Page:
The results are very similar at each tenor, which strongly suggests that there is no significant active mean reversion. Moreover, we see that there is no significant risk reduction from holding equities for longer periods.
So we see good reasons to believe that returns are independent and very little grounds for believing that any form of active mean reversion happens4
. This leads us to the seemingly perverse view that the reason equities have mean-reverted historically is precisely because they are random. Or, in plain English, our somewhat less spectacular conclusion is that recent equity returns are no guide either way to equity returns in the future.
This highlights a significant flaw in the conventional wisdom, namely that equities are safer over the long-term. The idea, called “time diversification”, is that over sufficiently long periods (typically 20-30 years), your returns will revert to a long-term mean. This is contradicted by our findings.
Moreover, without any form of active mean reversion the whole argument collapses: if your portfolio falls in value, and has active mean reversion, then you can “ride out the storm”; if returns are independent, then there is no storm to ride out, and a large loss might well be followed by another large loss. Any other view is akin to the gambler’s fallacy. In reality, without active mean reversion, holding equities for longer periods may be trading the apparent security of a seemingly lower probability of loss for the more sinister increase in the risk of much larger losses.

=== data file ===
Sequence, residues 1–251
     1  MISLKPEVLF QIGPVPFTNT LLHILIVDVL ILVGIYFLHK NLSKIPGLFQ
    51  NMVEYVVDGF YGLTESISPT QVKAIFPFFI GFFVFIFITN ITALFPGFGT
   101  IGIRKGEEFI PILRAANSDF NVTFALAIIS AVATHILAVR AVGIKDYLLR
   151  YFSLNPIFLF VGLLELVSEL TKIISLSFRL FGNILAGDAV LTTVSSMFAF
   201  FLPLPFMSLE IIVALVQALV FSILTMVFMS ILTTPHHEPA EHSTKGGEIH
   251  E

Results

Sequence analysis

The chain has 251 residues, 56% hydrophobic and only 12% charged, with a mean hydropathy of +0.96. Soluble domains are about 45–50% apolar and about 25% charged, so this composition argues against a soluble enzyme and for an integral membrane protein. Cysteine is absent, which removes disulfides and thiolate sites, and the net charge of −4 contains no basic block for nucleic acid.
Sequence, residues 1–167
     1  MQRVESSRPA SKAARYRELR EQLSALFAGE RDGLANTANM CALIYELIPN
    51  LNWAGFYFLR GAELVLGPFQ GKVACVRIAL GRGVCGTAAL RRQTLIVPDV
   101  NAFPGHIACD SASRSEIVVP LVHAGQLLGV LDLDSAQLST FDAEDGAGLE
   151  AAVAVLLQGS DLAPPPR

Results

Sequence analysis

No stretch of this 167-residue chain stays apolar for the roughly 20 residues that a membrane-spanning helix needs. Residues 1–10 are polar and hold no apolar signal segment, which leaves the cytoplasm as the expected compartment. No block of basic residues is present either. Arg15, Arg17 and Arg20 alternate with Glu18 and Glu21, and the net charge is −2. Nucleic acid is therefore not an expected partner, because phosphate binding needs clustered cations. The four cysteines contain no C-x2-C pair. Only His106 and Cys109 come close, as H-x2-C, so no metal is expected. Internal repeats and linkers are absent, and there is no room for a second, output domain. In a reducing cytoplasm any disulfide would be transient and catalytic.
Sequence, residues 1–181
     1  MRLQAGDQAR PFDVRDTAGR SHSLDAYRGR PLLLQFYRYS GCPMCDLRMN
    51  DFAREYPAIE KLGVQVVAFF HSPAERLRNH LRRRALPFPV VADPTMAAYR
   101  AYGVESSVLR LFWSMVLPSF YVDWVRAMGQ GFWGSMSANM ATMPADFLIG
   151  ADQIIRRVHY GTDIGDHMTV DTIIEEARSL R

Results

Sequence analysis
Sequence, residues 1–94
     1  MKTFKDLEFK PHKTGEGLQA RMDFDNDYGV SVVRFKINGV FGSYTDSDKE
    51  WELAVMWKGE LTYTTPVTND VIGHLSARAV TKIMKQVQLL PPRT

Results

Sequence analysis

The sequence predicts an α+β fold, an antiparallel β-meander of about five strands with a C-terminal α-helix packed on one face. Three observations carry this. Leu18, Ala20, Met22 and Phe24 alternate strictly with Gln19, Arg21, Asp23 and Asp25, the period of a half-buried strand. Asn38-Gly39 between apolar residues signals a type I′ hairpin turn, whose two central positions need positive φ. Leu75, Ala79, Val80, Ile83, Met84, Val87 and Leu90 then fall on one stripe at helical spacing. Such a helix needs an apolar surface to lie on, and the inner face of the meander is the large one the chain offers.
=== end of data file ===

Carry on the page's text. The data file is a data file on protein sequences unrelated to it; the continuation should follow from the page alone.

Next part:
If holding equities for longer makes them riskier5
, then how should investors think about earning a risk premium from equities? The obvious answer is by thinking in terms of risk; in particular, by thinking about risk limits over a shorter period. If you’re not prepared to take a gamble once, you shouldn’t take it 30 times; so if you’re not prepared to take more than a certain level of risk in one year (however you choose to measure your risk), then you shouldn’t take more risk every year for 30 years. If equities always bounce straight back, then time diversification makes sense; our research suggests they don’t, and that it doesn’t. Since equity returns do not seem to revert to a mean, having a disciplined risk management framework for the equity part of a portfolio is really the only viable approach - it is certainly far superior to blindly trusting the flawed logic of time diversification.
 “Mean Reversion
”- (Exley, Mehta, Smith) gives a good outline of the difficulties with the definition
 From Professor Shiller’s website, http://www.econ.yale.edu/~shiller/
 We also looked at autocorrelation, and reached the same conclusions